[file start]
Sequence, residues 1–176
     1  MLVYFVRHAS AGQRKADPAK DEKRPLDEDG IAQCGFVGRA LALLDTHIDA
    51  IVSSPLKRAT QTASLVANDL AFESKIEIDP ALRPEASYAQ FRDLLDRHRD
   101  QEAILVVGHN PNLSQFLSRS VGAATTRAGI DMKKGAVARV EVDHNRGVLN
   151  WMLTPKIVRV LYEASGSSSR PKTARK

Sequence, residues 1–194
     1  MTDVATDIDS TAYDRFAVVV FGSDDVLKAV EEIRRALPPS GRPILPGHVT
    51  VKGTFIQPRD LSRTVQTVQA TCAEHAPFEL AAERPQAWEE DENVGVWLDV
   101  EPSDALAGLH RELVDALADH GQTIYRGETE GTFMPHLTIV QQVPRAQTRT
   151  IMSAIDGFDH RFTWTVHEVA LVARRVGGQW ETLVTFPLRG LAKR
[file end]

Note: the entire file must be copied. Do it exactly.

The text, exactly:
Sequence, residues 1–176
     1  MLVYFVRHAS AGQRKADPAK DEKRPLDEDG IAQCGFVGRA LALLDTHIDA
    51  IVSSPLKRAT QTASLVANDL AFESKIEIDP ALRPEASYAQ FRDLLDRHRD
   101  QEAILVVGHN PNLSQFLSRS VGAATTRAGI DMKKGAVARV EVDHNRGVLN
   151  WMLTPKIVRV LYEASGSSSR PKTARK

Sequence, residues 1–194
     1  MTDVATDIDS TAYDRFAVVV FGSDDVLKAV EEIRRALPPS GRPILPGHVT
    51  VKGTFIQPRD LSRTVQTVQA TCAEHAPFEL AAERPQAWEE DENVGVWLDV
   101  EPSDALAGLH RELVDALADH GQTIYRGETE GTFMPHLTIV QQVPRAQTRT
   151  IMSAIDGFDH RFTWTVHEVA LVARRVGGQW ETLVTFPLRG LAKR